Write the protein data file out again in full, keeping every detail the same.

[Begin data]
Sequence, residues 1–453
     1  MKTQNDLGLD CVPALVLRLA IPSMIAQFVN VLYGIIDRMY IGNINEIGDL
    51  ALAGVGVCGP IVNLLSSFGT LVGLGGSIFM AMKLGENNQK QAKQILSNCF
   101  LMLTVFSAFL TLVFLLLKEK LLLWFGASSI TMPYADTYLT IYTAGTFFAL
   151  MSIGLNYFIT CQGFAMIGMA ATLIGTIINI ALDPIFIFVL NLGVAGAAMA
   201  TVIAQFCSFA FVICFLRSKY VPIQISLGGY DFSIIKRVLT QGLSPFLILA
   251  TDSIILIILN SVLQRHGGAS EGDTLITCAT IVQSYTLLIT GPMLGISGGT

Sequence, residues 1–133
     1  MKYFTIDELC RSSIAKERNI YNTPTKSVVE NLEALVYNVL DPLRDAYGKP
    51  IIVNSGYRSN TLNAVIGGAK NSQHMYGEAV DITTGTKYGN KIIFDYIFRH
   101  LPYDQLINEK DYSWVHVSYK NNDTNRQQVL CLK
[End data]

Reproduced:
Sequence, residues 1–453
     1  MKTQNDLGLD CVPALVLRLA IPSMIAQFVN VLYGIIDRMY IGNINEIGDL
    51  ALAGVGVCGP IVNLLSSFGT LVGLGGSIFM AMKLGENNQK QAKQILSNCF
   101  LMLTVFSAFL TLVFLLLKEK LLLWFGASSI TMPYADTYLT IYTAGTFFAL
   151  MSIGLNYFIT CQGFAMIGMA ATLIGTIINI ALDPIFIFVL NLGVAGAAMA
   201  TVIAQFCSFA FVICFLRSKY VPIQISLGGY DFSIIKRVLT QGLSPFLILA
   251  TDSIILIILN SVLQRHGGAS EGDTLITCAT IVQSYTLLIT GPMLGISGGT

Sequence, residues 1–133
     1  MKYFTIDELC RSSIAKERNI YNTPTKSVVE NLEALVYNVL DPLRDAYGKP
    51  IIVNSGYRSN TLNAVIGGAK NSQHMYGEAV DITTGTKYGN KIIFDYIFRH
   101  LPYDQLINEK DYSWVHVSYK NNDTNRQQVL CLK